While celebrating Black history, we also work to create a more equitable future.
Black History Month is a time to celebrate influential leaders and impactful moments of the past. In central Ohio, the achievements and contributions of Black Americans are significant. But celebrating Black history is not enough.
United Way of Central Ohio continues to work toward a future where Black residents have the same access to employment, education, health care and housing as their white neighbors. In fact, Key Club donors have contributed more than $20 million locally to support this work. Key Club was established in 1997 to engage and empower central Ohio Black leaders.
As part of that work, below we highlight an important moment in local Black history that aligns with our focus areas of basic needs and education, outline a few current challenges faced by our Black community, and explain what United Way is doing to help solve these problems.
Moment in History – 1881: John T. Ward and his son William founded Ward Transfer Lines in Columbus 140 years ago. The company, later renamed E.E. Ward Moving & Storage, has the distinction of being the oldest continuously operating black-owned business in the United States.
In those 140 years since E.E. Ward was founded, too many Black families have faced segregation, discrimination and low wages, which have significantly impacted their financial stability. The racial wealth gap is higher today than it was at the start of the century.
- According to a Financial Empowerment Roadmap released by the city of Columbus in 2020, 33% of Black households and 31% of Hispanic households have zero net wealth, compared to 17% of white households.
- In Ohio, the gap in homeownership between white and Black householders has been widening steadily for over a decade, reaching 37 percentage points in 2018.
- Black Americans are nearly 4 times more likely to be hospitalized and 3 times more likely to die from COVID-19 than whites.
United Way’s Work
United Way believes that an individual’s race, ZIP code or income should never be a barrier. We work to address health and income inequity by:
- Fighting for improved access to health care coverage
- Making it easier for people to access substance abuse programs
- Supporting food pantries
- Providing free tax preparation services for middle- and low-income families
Moment in History – 1877: Everett J. Waring and Thomas G. Spencer were the first Black students to graduate from the Columbus High School. And seven years later, in 1884, James Poindexter became the first Black resident elected to the Columbus Board of Education.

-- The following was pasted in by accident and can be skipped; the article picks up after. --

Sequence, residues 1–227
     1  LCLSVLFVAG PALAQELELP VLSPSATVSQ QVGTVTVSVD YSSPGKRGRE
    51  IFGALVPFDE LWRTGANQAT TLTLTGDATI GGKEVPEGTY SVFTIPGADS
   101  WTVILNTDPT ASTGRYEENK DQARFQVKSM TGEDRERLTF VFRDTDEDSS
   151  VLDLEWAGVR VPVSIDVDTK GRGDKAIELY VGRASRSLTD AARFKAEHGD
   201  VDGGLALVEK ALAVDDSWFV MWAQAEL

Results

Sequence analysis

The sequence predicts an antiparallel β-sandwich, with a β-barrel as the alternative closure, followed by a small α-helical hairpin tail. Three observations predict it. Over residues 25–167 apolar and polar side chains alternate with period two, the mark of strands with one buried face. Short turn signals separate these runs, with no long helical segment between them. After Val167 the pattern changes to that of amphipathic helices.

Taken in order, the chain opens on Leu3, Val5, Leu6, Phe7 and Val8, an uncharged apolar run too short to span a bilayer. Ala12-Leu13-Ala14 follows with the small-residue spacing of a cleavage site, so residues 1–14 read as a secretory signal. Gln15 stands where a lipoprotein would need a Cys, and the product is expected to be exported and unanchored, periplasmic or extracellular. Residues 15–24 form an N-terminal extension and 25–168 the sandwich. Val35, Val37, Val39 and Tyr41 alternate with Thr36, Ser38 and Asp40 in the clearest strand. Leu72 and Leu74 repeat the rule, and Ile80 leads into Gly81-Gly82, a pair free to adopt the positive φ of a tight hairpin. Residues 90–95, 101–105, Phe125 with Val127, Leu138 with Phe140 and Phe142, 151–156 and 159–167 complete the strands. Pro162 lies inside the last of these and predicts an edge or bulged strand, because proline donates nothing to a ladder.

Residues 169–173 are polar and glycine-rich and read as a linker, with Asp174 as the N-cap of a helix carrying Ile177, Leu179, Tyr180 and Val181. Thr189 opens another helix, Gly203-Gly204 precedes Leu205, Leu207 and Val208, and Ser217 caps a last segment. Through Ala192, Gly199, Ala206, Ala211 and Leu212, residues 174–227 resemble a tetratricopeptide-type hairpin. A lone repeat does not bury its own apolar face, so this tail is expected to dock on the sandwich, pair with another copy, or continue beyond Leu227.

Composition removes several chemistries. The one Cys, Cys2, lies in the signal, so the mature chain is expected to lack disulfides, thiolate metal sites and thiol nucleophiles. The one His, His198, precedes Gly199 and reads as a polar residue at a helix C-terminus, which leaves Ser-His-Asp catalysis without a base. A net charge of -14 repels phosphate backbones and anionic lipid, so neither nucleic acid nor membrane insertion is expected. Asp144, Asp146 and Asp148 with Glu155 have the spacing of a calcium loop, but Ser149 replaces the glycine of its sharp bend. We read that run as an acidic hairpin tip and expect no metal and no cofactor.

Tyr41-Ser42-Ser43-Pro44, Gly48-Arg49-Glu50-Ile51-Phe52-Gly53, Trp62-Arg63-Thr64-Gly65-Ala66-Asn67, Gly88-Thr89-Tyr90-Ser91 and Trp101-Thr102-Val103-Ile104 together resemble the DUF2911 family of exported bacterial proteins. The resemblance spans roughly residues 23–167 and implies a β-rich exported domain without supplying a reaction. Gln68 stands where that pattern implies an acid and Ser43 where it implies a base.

In 1979, the Columbus Public Schools were desegregated by court order. But segregation in public schools has only risen since 1996. This kind of structural racism along with institutional racism has hurt the educational outcomes of Blacks students.
- The graduation rate for Black students is 79% nationwide, and less than 70% in Ohio.
- Schools with 90% or more students of color receive $733 less per student.
- Only 57% of Black students have access to the full range of math and science courses needed for college-readiness.
- More than 70% of Black students were learning remotely in fall 2020, compared to 40% of white students.
United Way’s Work
United Way fights to shift the odds for students of color and those in low-income areas. Our work includes:
- Recruiting volunteers to read with preschool and elementary students
- Providing after-school programs and extracurricular activities and clubs
- Supporting middle and high school students through graduation
- Connecting students with volunteer mentors and tutors
You can be a part of this important work in central Ohio. Join us to help ensure that every single person, no matter their race, can thrive in our community:
Watch a recording of Learn United: Untold Stories with Jerry Saunders Sr. from Tuesday, Feb. 16
Register for Learn United: Beyond the Textbooks with Playon Patrick on Tuesday, Feb. 23
Learn more about Leaders United.
Learn more about Volunteer United.